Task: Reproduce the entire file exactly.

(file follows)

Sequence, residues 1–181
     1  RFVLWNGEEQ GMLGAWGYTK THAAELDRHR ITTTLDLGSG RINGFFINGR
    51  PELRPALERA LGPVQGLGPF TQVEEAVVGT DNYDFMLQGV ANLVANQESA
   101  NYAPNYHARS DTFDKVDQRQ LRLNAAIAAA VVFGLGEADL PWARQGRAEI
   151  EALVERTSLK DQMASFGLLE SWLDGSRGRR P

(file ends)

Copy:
Sequence, residues 1–181
     1  RFVLWNGEEQ GMLGAWGYTK THAAELDRHR ITTTLDLGSG RINGFFINGR
    51  PELRPALERA LGPVQGLGPF TQVEEAVVGT DNYDFMLQGV ANLVANQESA
   101  NYAPNYHARS DTFDKVDQRQ LRLNAAIAAA VVFGLGEADL PWARQGRAEI
   151  EALVERTSLK DQMASFGLLE SWLDGSRGRR P